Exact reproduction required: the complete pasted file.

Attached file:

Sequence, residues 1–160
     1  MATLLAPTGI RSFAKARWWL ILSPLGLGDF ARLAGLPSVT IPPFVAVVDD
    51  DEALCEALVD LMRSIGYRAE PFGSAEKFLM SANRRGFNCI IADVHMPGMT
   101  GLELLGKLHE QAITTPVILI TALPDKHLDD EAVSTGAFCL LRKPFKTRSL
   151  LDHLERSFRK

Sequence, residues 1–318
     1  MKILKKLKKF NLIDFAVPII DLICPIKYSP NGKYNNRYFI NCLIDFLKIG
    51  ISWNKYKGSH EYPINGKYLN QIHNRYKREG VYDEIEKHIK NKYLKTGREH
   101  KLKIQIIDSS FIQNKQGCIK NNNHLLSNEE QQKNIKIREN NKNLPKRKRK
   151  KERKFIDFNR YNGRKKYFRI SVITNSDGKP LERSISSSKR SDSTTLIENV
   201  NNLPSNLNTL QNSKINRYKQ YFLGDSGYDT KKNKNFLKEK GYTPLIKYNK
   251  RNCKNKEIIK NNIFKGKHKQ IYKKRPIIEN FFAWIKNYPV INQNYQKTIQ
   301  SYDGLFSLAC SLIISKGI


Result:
Sequence, residues 1–160
     1  MATLLAPTGI RSFAKARWWL ILSPLGLGDF ARLAGLPSVT IPPFVAVVDD
    51  DEALCEALVD LMRSIGYRAE PFGSAEKFLM SANRRGFNCI IADVHMPGMT
   101  GLELLGKLHE QAITTPVILI TALPDKHLDD EAVSTGAFCL LRKPFKTRSL
   151  LDHLERSFRK

Sequence, residues 1–318
     1  MKILKKLKKF NLIDFAVPII DLICPIKYSP NGKYNNRYFI NCLIDFLKIG
    51  ISWNKYKGSH EYPINGKYLN QIHNRYKREG VYDEIEKHIK NKYLKTGREH
   101  KLKIQIIDSS FIQNKQGCIK NNNHLLSNEE QQKNIKIREN NKNLPKRKRK
   151  KERKFIDFNR YNGRKKYFRI SVITNSDGKP LERSISSSKR SDSTTLIENV
   201  NNLPSNLNTL QNSKINRYKQ YFLGDSGYDT KKNKNFLKEK GYTPLIKYNK
   251  RNCKNKEIIK NNIFKGKHKQ IYKKRPIIEN FFAWIKNYPV INQNYQKTIQ
   301  SYDGLFSLAC SLIISKGI